For war consists not in battle only, or in the act of fighting, but in a tract of time wherein the will to contend by battle is sufficiently known; and therefore the notion of time is to be considered in the nature of war as it is in the nature of weather. For as the nature of foul weather lies not in a shower or two of rain but in an inclination thereto of many days together, so the nature of war consists not in actual fighting but in the known disposition thereto during all the time there is no assurance to the contrary. All other time is peace. (Thomas Hobbes, Leviathan, Chapter 13)
I doubt that the United States has ever engaged in war without some U.S. citizens taking part with those making war against us. In his vociferous reaction against the recent killing of Anwar al-Awlaki Ron Paul certainly reminds us of the serious and troubling issues involved in the decisions required to take effective action against such self-selected enemies of their country. Paul and those who applaud his advocacy of passivism in matters of national security claim constitutional grounds for their objection to deadly national security operations that target U.S. citizens, even when these citizens plan and direct warfare against the United States as al-Awlaki reportedly did. They accurately point out what the Fifth Amendment to the U.S. Constitution states: “nor shall any person be…deprived of life, liberty, or property, without due process of law….”
Ron Paul is well and favorably known for insisting that the U.S. Constitution be strictly adhered to and applied. But in this case does he himself fail to take careful account of what it actually says? The Fifth Amendment’s words do not restrict the due process requirement to the government’s dealings with citizens of the United States. They apply to “any person”, with nothing said about that person’s citizenship status. In order to act with due regard for the Constitution in this respect we must therefore consider what the Fifth Amendment requires of the U.S. government in its conduct toward all persons, not just those who are U.S. citizens.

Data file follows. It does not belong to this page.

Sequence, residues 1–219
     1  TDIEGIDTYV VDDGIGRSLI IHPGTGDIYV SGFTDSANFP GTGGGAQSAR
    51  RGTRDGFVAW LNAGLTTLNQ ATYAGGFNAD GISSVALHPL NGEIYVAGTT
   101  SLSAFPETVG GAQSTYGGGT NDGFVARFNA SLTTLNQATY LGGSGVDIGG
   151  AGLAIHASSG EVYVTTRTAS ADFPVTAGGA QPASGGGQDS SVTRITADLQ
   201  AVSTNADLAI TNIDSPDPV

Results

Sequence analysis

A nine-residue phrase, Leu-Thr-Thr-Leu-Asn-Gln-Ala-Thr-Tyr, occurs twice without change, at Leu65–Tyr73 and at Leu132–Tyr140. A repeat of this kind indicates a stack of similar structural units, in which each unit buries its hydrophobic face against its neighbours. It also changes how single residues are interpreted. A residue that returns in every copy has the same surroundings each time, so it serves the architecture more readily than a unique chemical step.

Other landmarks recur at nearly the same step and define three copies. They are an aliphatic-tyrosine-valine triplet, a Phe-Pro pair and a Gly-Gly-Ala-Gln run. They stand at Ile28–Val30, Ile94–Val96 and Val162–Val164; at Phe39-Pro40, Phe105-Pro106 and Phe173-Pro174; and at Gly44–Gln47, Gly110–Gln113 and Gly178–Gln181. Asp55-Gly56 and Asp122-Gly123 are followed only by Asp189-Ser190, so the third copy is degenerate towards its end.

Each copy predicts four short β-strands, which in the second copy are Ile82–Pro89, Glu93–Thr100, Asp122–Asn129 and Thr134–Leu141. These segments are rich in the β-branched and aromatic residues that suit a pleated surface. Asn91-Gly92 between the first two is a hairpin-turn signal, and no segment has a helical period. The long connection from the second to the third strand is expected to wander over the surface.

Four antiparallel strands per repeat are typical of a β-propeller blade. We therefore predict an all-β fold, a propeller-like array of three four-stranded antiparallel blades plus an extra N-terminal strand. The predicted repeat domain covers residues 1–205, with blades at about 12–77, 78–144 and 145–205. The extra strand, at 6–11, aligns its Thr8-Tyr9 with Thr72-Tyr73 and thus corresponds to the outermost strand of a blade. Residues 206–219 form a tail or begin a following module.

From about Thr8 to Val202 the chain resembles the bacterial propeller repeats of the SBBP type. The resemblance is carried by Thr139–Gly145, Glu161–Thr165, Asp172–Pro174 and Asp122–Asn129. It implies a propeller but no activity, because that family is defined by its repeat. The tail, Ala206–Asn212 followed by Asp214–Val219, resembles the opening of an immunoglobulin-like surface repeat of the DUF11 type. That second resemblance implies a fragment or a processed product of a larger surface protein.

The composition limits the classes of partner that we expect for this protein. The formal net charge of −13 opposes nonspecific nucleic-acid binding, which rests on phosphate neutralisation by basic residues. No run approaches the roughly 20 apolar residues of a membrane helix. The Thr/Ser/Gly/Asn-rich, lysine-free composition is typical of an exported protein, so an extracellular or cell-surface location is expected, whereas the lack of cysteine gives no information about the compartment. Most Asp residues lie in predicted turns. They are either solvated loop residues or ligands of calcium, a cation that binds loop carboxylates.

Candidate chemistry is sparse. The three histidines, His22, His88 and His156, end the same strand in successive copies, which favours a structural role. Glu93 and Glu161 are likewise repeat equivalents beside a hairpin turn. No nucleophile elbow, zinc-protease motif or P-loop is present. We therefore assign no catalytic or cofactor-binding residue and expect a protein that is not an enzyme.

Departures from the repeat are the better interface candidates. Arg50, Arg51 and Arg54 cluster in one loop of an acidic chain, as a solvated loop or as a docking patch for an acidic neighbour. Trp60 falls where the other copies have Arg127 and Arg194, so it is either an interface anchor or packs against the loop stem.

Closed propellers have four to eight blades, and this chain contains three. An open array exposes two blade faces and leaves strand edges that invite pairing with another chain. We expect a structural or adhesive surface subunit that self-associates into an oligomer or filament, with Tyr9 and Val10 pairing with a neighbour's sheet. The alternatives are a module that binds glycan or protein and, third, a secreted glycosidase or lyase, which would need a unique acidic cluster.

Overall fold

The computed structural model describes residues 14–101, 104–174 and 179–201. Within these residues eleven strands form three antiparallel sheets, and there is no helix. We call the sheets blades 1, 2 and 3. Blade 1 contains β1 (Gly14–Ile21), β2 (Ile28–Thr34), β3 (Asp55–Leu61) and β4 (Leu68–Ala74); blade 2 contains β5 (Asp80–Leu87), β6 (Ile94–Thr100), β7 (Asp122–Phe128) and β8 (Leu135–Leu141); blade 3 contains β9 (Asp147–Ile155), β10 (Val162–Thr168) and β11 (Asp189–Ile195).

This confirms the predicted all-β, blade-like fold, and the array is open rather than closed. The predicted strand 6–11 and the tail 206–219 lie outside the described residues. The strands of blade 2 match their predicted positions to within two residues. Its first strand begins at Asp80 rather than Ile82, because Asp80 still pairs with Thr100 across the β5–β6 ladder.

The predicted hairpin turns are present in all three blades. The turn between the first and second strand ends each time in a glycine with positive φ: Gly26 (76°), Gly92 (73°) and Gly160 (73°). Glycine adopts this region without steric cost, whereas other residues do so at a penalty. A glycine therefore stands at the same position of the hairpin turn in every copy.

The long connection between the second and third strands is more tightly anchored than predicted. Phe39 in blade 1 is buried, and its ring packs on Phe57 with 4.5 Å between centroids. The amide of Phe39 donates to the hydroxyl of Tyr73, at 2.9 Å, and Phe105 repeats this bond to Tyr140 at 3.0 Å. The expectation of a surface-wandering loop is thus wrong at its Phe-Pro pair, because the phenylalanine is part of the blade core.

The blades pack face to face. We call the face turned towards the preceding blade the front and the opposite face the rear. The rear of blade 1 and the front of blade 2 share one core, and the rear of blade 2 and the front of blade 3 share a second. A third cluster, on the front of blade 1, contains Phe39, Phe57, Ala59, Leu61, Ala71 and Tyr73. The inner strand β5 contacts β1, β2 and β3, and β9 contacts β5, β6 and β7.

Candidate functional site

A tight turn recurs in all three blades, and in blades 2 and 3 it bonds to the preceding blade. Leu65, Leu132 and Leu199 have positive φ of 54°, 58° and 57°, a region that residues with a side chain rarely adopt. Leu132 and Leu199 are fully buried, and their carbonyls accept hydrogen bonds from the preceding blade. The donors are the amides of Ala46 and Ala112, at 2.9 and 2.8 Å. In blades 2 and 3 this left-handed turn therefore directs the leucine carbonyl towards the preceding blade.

But considered in light of this more accurate observation of the Constitutional context, Ron Paul’s criticism implies restrictions on U.S. government action that are so broad as to preclude the possibility of any warlike actions in defense of our national security. It effectively erases the prudentially necessary distinction between warfare and law enforcement. Every military and national security operation would have to be regarded as an exercise in law enforcement, during which U.S. personnel would have observe all the safeguards entailed by the due process presumption of innocence.
In time of war, this would endlessly complicate operations that depend on secrecy, surprise and deadly swiftness. It would lead to absurdities likely to prove inexcusably fatal to our military and national security personnel. Apparently, the authors of the Fifth Amendment realized this. The first clause of the amendment applies the procedures of law enforcement “except in cases arising in the land or naval forces, or in the militia, when in actual service in time of war or public danger…” This prudent exception explicitly recognizes the special exigencies connected with the conduct of military and national security operations (i.e., operations that deal with ongoing public dangers).
This exception reminds us of a truth that the situation of America’s founding generation did not permit them to forget: no written provisions of law can deal with every emergency, every situation and circumstance. Therefore, prudence and common sense will always be required by those determined to act with respect for the provisions of constitutional government. This does not mean that any action taken in the course of military and national security operations must be accepted without question. But it does mean that not every such question can be clearly answered by citing the words of the Constitution. The Executive should always act with due regard for the Constitution, but perforce that also involves due regard for circumstances that threaten the safety and existence of the people the Constitution exists to serve. To paraphrase, with respect, what Christ said of the Sabbath, the Constitution exists for the people, not the people for the Constitution.
Ironically, this reasoning compels me to conclude that Ron Paul’s demand for a bill of impeachment against Barack Obama should be given serious consideration. Unless the people, through their representatives, seriously scrutinize Executive actions that appear to contradict the Constitution words, how can they be certain those actions were, in truth, justified by prudence and common sense? Sometimes (as, I think, in the case of the killing of al-Awlaki) such scrutiny will lead to overwhelming defeat of an impeachment bill. But at other times a majority of the people’s representatives, influenced no doubt by the common feelings of their constituents will unite to demand a full Senate trial of the case. Both the legislative and executive branches of our government will benefit from the greater sense of responsibility and accountability this process encourages. So, in fact, will the security of every person’s unalienable and/or Constitutional rights. Prudence is essential to good government, but so is careful and habitual scrutiny of any extraordinary actions taken in its name.